Since baby Stephanie Grace’s stillbirth last week, I have been trying to live in a sort of neutral, non-emotional place. It’s been hard finding a default setting that incorporates basic kindness, a general lack of sleep, the parenting of two distraught daughters, and the teaching of 60+ angsty sophomores. Music has helped. Carbohydrates have helped. Avoiding chit-chat has helped.
We are doing a lot of silence here at the house–not sad or angry silence, just healing and restful quiet.
Then, today, I participated in this exchange:
Person X: “How are you?”
Person X: “Just okay?”
Through gritted teeth: “Yes, just okay.”
I was dumbfounded. It has been eight days. Eight days since I held my one pound three ounce granddaughter, who never breathed air once.Never heard her mother sing. Never saw the sky. Never petted a kitten. Eight days since I stayed awake for forty hours straight, tending to my daughter and her broken heart. Eight days: not even 200 hours.
Just five weeks ago, April’s room held a crib and a changing table. Baby clothes and colorful toys were in neat piles. We were making preparations, slowly moving from acceptance to excitement. Now, the funeral flowers and sympathy cards still cover April’s bedroom. Stephanie Grace’s ashes are in a tiny urn on the chest of drawers, atop the pink baby blanket she nestled in as April held her. It’s one of the saddest things I’ve ever seen.
But, I’m okay. I’d have to say the whole family is okay. That’s all we are.
We’ve agreed that it feels as if we’ve washed up on a beach after being lost at sea; just lying there in the sand, we are unable to move to help each other; we are too tired to go get help, too weary to even talk.
No one is bewailing our fate. No one is in histrionics. But we are quietly recovering from something very hard. We are allowing one another to breathe. And rest.
We are okay. And it is okay to be okay. I refuse to participate in some sort of holier-than-thou Jesus-Healed-Me-The-Quickest Contest. I’m not sobbing in a darkened corner, but I don’t have to be singing, “Praise Jesus, the baby’s in Glory!’ either.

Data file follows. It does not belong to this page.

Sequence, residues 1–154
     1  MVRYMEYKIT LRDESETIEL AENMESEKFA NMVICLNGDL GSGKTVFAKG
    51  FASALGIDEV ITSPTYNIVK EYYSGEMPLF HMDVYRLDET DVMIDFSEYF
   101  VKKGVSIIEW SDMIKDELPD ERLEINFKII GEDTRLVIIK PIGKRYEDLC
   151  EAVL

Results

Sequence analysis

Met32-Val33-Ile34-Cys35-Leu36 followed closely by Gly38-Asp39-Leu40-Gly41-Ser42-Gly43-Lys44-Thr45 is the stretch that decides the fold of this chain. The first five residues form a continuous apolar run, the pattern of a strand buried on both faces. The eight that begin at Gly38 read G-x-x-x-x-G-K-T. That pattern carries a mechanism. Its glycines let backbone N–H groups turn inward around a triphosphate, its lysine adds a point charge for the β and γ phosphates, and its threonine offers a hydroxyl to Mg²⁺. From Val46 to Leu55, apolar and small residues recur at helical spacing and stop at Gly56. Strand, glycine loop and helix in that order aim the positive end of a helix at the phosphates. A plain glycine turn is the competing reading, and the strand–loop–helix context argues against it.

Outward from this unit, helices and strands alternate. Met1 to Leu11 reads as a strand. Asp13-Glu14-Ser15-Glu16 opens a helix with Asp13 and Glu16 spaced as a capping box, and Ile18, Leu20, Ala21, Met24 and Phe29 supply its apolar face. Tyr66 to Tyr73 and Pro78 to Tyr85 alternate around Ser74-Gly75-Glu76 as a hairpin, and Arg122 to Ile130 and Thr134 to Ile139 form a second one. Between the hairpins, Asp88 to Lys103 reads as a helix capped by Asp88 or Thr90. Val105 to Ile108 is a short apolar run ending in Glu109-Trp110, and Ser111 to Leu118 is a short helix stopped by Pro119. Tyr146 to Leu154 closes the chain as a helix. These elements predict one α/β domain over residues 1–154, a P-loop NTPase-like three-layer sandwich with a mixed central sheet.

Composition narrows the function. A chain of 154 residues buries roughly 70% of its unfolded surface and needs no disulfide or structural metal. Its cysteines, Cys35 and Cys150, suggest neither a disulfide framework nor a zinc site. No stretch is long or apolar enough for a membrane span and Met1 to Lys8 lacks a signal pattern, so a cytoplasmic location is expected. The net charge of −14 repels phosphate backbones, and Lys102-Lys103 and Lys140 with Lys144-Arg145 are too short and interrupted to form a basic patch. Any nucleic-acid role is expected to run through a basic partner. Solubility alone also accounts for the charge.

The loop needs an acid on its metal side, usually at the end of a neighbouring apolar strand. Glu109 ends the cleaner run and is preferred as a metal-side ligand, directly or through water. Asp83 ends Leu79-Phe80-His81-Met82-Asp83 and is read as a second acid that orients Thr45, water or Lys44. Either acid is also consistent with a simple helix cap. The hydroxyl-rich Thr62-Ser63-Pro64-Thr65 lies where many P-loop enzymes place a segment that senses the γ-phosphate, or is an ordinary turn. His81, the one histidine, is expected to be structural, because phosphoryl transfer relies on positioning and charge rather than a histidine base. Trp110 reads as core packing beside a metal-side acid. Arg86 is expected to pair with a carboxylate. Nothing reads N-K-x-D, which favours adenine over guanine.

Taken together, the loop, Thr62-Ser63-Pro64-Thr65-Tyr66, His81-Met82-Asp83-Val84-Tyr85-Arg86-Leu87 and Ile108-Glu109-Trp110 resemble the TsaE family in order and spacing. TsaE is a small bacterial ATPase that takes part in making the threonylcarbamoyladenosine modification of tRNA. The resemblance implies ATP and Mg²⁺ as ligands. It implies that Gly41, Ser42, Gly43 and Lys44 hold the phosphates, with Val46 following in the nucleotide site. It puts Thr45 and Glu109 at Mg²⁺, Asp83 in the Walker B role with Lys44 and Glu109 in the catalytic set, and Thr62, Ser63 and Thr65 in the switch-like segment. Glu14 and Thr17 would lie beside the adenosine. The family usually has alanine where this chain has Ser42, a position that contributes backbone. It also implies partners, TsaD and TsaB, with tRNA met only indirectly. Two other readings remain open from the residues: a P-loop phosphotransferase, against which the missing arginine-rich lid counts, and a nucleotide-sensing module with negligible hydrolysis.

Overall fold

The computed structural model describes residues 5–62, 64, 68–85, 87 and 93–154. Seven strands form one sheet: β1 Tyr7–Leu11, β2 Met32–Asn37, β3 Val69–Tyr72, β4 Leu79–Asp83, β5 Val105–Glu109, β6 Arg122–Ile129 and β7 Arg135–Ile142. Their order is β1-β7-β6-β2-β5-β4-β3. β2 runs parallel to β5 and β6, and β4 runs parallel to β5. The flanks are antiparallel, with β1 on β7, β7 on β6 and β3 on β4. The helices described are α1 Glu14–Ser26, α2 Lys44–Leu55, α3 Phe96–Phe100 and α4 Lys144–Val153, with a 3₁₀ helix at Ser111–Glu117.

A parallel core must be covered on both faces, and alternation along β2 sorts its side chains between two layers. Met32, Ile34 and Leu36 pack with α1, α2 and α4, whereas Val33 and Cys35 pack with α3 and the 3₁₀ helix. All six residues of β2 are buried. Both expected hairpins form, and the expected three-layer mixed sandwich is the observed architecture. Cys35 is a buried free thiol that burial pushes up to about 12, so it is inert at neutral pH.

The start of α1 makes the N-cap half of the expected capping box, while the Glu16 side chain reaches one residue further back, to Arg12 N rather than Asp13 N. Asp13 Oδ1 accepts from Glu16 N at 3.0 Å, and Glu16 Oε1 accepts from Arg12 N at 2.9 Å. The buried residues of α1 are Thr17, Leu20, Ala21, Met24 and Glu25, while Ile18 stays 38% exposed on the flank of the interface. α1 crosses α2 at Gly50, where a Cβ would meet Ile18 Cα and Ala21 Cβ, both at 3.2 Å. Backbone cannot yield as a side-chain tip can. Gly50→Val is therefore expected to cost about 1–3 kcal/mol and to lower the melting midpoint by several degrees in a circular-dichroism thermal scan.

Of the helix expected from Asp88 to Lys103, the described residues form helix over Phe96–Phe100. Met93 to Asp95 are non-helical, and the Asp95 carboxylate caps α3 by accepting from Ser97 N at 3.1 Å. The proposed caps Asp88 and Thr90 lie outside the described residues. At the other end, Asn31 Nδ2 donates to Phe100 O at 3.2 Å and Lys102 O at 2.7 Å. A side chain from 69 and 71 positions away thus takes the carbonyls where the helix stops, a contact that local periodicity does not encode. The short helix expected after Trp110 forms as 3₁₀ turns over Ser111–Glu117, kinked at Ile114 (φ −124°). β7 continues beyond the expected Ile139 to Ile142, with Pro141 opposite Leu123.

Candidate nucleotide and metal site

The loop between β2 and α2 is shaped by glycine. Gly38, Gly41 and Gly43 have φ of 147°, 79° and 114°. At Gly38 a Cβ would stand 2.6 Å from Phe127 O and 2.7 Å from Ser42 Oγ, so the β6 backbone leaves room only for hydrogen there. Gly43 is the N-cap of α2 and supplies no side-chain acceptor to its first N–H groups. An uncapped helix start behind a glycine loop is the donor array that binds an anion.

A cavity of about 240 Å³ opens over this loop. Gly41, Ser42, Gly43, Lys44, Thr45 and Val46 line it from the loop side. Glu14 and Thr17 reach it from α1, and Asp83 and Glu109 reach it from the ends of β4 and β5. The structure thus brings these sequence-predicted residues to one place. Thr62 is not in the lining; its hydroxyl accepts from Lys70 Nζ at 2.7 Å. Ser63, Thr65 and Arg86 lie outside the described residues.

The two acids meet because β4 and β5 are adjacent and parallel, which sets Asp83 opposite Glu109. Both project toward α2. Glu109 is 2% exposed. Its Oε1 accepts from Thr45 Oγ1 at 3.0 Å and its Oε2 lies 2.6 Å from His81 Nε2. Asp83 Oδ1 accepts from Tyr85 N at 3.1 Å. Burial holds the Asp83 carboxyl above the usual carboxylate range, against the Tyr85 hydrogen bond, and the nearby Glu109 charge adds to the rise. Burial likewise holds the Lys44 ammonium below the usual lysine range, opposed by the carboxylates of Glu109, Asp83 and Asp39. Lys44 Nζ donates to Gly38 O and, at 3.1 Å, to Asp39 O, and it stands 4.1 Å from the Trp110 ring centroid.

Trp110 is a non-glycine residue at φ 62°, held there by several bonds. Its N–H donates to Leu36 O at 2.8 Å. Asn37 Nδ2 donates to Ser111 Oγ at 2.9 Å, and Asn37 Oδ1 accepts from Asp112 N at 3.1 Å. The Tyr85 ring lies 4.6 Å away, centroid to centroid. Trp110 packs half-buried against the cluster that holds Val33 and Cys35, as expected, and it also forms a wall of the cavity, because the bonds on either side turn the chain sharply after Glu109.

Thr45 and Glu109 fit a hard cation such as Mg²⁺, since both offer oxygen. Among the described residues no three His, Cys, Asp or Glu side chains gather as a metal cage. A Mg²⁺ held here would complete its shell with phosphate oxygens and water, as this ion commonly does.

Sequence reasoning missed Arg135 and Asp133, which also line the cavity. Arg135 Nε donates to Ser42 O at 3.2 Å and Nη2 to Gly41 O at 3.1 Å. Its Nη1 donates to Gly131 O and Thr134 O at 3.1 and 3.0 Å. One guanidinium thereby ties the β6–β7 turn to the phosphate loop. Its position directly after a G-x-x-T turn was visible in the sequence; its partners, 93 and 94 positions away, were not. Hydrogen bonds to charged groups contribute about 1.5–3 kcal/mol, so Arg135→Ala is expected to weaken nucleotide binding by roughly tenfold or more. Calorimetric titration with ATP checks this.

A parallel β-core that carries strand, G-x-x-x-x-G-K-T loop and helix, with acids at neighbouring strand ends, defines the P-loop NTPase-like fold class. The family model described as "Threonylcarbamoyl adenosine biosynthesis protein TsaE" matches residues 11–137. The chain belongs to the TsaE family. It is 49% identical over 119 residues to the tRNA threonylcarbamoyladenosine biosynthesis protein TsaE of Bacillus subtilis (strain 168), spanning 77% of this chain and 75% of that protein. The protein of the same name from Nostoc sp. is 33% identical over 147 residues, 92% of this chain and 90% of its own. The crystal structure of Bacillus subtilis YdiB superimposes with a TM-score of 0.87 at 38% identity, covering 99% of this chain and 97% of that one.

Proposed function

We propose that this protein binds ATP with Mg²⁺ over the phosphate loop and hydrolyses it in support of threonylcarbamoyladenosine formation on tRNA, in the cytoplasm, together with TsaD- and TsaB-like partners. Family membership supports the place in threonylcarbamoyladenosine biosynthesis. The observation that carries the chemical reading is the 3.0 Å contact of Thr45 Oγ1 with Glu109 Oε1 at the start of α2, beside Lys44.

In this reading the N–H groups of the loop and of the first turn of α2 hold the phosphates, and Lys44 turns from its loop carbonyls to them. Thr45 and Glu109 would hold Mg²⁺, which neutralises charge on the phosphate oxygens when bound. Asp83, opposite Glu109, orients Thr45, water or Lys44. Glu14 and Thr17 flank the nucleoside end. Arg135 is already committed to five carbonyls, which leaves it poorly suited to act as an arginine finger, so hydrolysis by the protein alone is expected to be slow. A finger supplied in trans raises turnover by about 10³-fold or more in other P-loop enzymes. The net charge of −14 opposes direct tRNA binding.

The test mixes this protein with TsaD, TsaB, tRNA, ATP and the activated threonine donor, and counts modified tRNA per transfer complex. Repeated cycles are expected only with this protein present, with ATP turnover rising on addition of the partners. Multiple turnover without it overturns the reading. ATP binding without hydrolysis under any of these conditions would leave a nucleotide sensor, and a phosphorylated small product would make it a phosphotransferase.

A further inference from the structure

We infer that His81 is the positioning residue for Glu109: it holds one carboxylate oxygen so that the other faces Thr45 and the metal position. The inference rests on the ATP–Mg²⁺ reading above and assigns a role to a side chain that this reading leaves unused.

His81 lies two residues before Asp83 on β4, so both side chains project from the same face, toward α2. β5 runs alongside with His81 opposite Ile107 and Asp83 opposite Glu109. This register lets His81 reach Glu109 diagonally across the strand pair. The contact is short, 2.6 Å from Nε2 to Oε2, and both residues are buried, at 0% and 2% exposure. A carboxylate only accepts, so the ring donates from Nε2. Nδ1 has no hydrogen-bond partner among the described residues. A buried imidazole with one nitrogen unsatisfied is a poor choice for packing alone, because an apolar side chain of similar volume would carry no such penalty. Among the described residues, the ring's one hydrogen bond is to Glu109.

I would rather her be here.
I am allowed to be human, to have emotions; I don’t have to be some sort of parroting Christian robot squawking Romans 8:28. I know all things work together for good: I’ve seen good come from leukemia, failed adoptions, job losses, miscarriages–and I’ve testified to this. Good comes.
But mine is NOT a pretty, front-of the-church, fine-china testimony. It’s a in-the-hospital-bathroom sobbing-your-desperate-heart-out testimony. I can help you when your loved one has cancer, when hubby’s broken your heart, when you’ve broken his, when your kids have messed up, when the bills will never be paid. I can help you if you’re suicidal, if your kid is cutting, if he’s on drugs or in the psych ward or stealing from you. I can help you with the ugly things because I have endured a lifetime of ugly things.
I’m not going to be rah-rah about any of it. Some Christians can be. I can’t. I lived through a difficult childhood that’s been followed by an even more difficult adulthood, so forgive me if I don’t want to get out the pom-poms. I can’t do that. But I can look you in the face and say, “God is with me. Even here. Even now. Even with this dead baby. God is with me.”
I think my faith requires you to see and acknowledge. I cannot hide the heartache. But refusal to hide the ugly heartache permits others to more fully see the hand of God. What God has done for us, He will, after all, also do for you.For me, that’s the testimony: my authentic “I’m just okay” and the acknowledgement that God is nevertheless with me. He is graciously carrying me through once more, just as He has before. My testimony, like yours, sometimes requires showing the broken things, all the broken things and all the destruction. Not holding them close, not reveling in them. But not denying them, either.
A co-worker who taught April went to the hospital after Stephanie Grace was born; expecting to see only April, she was surprised that the baby was also in the room. She saw the tiny, broken baby that my daughter was holding so close. But, more profoundly, she felt the peace in that hospital room, the peace that had overcome us all day long.
God was There.
He is Here.
In our brokenness. In the ugly pain. He is in our midst, making the unbearable bearable, knitting together our hurt hearts, doing His work. We can rest in that certain assurance.
Good comes. And if it takes some time, well, that will be okay.